The Pickwick Theatre will be fully renovated by September, debuting new seats and roof, air conditioning, electrical wiring and a refurbished exterior.
The $1.2 million renovation is nearly finished at the art deco landmark, 5 S. Prospect Ave., in the city's uptown, said Dino Vlahakis, Pickwick's owner.
One of the more noticeable features in the four-screen movie palace, which opened in 1928, will be new seats in theater no. 1.
Vlahakis replaced the 84-year-old seats with new ones that are 8 inches wider. They also have cup holders. While the seat covers have been changed since the theater opened, the steel frames had never been replaced, he said.
The new frames are much wider to accommodate a larger clientele. "People have gotten bigger since 1928," he said.
Instead of seat widths between 16 and 18 inches, the widths are now 23 and 25 inches.
The wider seats mean 400 fewer seats in theater no. 1 since the last time the theater was refurbished in 1968 and 600 fewer seats since it first opened.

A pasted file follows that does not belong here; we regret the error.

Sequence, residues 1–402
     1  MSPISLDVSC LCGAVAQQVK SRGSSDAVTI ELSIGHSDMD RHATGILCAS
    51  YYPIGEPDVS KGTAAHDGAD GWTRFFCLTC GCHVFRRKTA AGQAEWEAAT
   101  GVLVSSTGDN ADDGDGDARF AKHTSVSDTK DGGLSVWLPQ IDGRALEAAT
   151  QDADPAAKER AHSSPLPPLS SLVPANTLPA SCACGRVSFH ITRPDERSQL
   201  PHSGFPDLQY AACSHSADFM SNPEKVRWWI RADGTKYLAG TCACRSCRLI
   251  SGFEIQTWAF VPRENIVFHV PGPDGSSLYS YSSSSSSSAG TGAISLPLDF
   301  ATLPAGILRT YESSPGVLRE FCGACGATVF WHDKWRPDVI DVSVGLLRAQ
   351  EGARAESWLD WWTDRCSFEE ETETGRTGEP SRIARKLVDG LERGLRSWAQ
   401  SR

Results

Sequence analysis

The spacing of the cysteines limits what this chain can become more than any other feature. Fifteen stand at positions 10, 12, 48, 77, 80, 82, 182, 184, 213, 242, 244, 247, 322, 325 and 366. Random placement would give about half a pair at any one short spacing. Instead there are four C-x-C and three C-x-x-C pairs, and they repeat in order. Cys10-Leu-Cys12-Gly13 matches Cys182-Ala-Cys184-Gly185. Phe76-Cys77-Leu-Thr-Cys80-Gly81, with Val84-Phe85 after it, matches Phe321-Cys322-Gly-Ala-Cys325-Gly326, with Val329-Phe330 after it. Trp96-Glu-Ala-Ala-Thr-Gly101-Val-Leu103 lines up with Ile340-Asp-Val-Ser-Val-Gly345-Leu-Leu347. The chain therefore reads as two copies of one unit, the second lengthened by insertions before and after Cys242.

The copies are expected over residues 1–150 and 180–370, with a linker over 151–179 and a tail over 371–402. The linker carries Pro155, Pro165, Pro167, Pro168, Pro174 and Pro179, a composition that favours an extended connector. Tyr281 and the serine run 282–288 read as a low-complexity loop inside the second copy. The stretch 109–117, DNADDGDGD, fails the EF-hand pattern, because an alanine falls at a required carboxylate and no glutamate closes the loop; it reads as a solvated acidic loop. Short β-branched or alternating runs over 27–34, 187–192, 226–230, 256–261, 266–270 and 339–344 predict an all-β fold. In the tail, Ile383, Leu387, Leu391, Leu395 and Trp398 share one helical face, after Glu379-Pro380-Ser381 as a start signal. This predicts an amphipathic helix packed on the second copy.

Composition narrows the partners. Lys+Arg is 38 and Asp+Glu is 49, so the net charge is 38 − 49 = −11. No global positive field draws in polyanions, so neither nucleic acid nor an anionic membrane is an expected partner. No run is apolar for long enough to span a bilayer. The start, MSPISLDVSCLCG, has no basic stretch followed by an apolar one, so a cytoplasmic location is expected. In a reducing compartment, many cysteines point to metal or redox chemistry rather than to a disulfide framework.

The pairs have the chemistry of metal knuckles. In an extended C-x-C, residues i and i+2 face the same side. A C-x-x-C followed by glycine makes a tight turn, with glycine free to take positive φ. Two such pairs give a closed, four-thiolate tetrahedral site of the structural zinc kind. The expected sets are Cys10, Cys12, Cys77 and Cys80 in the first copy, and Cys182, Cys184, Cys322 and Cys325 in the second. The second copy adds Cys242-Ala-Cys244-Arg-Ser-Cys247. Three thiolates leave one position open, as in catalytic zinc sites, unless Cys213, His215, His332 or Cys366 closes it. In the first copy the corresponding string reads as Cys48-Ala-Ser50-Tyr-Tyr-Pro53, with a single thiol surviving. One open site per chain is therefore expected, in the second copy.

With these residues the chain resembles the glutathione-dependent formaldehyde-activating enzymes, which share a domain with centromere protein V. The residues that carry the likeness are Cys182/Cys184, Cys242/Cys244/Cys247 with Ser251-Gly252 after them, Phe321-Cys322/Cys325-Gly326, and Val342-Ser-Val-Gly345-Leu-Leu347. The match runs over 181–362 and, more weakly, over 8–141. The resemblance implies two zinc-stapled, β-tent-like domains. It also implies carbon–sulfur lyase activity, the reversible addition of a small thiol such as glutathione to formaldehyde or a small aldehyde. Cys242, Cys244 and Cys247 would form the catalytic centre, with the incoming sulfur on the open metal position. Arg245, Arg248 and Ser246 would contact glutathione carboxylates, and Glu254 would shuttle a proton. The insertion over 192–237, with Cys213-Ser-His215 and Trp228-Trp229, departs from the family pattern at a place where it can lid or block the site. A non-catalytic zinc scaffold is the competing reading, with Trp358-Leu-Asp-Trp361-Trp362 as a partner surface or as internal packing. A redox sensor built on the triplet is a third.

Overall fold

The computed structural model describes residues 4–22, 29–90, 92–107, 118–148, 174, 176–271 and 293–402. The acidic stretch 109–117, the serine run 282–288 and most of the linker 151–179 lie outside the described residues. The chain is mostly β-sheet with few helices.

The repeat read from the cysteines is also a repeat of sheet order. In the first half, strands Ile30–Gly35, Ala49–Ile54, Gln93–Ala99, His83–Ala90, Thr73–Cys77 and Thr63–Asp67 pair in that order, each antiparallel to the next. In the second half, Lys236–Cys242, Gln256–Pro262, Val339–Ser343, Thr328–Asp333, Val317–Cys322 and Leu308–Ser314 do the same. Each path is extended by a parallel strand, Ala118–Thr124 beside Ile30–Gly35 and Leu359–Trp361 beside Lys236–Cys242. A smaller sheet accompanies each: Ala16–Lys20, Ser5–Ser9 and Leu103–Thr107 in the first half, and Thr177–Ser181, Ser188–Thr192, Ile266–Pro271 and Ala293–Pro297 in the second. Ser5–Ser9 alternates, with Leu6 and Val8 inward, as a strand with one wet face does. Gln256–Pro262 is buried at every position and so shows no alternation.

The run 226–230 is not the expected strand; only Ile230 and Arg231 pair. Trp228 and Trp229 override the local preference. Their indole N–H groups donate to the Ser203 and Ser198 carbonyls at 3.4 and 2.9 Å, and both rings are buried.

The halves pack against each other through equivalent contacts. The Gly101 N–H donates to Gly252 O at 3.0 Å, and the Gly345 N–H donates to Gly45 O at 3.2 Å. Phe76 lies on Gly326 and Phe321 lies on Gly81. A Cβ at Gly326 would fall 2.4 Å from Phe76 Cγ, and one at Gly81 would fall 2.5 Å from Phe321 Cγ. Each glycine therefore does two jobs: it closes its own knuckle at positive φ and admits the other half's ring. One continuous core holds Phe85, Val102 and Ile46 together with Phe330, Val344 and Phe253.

Vlahakis donated the old seats to the Kalo Foundation's Iannelli Studios Heritage Center, 255 N. Northwest Highway.
The foundation is selling the seats for $50 for unassembled seats and $75 for assembled seats, said Karen Larsen, the Kalo Foundation's vice president for external affairs.
Those who buy four will get a deal – $250 for the lot. Proceeds will go toward a new roof for the studio.
So far, the foundation has sold 30 with 800 left, she said.
Residents who want to look at a chair will be able to do so starting Monday when it will be on display in a downtown storefront in the 100 block of Main Street.
To buy or inquire about the chairs, contact Larsen at (847) 824-4536.
The Kalo Foundation, a nonprofit arts group, is renovating the landmark studio previously owned by Alfonso Iannelli, a renown artist and designer, who helped design the theater. He lived and worked in Park Ridge for about 45 years.
Vlahakis added that patrons will likely notice the refurbished marquee. Theater workers recently removed seven layers of paint in colors including yellow, green, red, black, blue, white and orange.
"It's unbelievable the colors that we found," Vlahakis said.
The grand opening is expected to be sometime in September. It will likely be tied to a major movie opening night, he said.
Vlahakis and the theater's other owners, Dave and Elaine Loomos, are paying for the renovations through tax benefits that the theater received after it was designated a national landmark in November, he said.